Barth was morally bankrupt and theologically confused. He has passed this confusion on to others, who think it is a sign of intellectual sophistication to be able to live with the tension of contradictions that cannot be resolved (see p. 54). It is not. It is a sign of lack of familiarity with, or outright rejection of, the teaching of the Bible. Barth's contradictions are entirely synthetic, and fully resolved by reference to the Word of God itself using sound principles of exegesis. This book confuses genius with verbal sleight of hand.
Neither was Barth's stance against Hitler as noble as it might seem. In the first place, he was not German, and so was not susceptible to Hitler's nationalistic propaganda. When it came to communism, by Galli's own admission, Barth failed to exhibit the same penetrating insight. Second, when things got difficult in Germany, Barth simply returned to his home country (with his wife and his mistress), where he wrote letters to members of the confessing church, who were still stuck in Germany, from his perch in Basel.
Has Barth provided a valuable service? Do his works send people to their Bibles as Galli claims (p. xv)? If so, I am unable to understand what is preventing all these people from reading their Bibles without being sent there by Barth.
Regarding salvation, Barth was a universalist (all are saved) who didn't want to take responsibility for his position. Or else he was an indeterminist (we really don't know how election works). Or else he was a modified Calvinistic determinist who allowed for God to act without telling anyone else what he was going to do. It's hard to tell what he thought, exactly. According to the Bible, we are saved by grace, through faith, and only those who persevere in a life of obedient faith obtain eternal life. That IS the gospel, and Barth did not teach it.
On p. 46, Galli states that Barth teaches, "Thus God's revelation of himself in Christ is a revelation of his incomprehensibility, in fact, 'the most complete veiling of his incomprehensibility'!" and refers on p. 53 to the "divine incognito." Compare John 14:8-9. Philip wanted to see the Father. The Lord did not tell Philip the Father would remain veiled in incomprehensibility, he said to Philip, "He who has seen me has seen the Father; how can you say 'Show us the Father'?"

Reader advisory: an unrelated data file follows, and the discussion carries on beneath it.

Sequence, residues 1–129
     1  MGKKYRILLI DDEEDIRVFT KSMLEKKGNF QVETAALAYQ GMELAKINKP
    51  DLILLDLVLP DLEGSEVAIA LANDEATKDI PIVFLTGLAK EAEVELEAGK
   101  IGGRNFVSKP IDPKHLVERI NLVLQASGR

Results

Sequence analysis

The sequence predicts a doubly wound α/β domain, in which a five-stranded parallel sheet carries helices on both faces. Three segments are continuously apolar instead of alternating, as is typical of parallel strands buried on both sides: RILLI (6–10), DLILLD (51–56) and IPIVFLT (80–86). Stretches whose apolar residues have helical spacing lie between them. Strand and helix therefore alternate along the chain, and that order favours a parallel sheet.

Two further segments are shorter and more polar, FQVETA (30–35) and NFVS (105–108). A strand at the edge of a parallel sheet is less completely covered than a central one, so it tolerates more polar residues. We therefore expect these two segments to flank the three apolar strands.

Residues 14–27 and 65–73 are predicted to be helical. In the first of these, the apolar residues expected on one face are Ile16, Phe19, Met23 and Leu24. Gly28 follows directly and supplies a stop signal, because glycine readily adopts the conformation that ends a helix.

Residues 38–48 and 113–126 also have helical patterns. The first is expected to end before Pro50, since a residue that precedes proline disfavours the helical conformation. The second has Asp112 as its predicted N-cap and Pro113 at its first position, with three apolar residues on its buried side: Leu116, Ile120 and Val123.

Galli, in his article, admits that Barth's theological dialectic is inextricably tied to the conflict created by his adulterous lifestyle. Paul also describes, in Romans, a similar state of doing the very thing he does not want to do, but quickly goes on to proclaim that he has been delivered from this deadly state in Christ. Barth's theology remains stuck in the conundrum, which he passes on to his followers. Ironically, Barth's most famous commentary is on the very book that contains the key to the deliverance he never finds.
It makes me wonder how lofty Barth's words would sound if, in this book, or in all the material that has ever been written about him, the word "Barth" were replaced with the phrase "Barth-the-Adulterer." Let's try it out. The words of Thomas F. Torrance quoted on pages x and xi would then be changed to: "Karl Barth-the-Adulterer is the greatest theological genius that has appeared on the scene for centuries." Volume IV of his Church Dogmatics "surely constitutes the most powerful work on the doctrine of atoning reconciliation ever written." Read this way, what exactly are we saying to the world about the state of Christian theology?
A genuine Christian is called to a life of obedient faith. Yes, the Christian will stumble, but if his or her faith is genuine, repentance will follow and the sin will not become a way of life. 1 Corinthians 6:9-10 makes it clear that adulterers will not inherit the kingdom of God. It is a test of actions, not of words. Barth had plenty of words, but to what end?
Rationalized immorality. There is nothing new, nothing special, about that.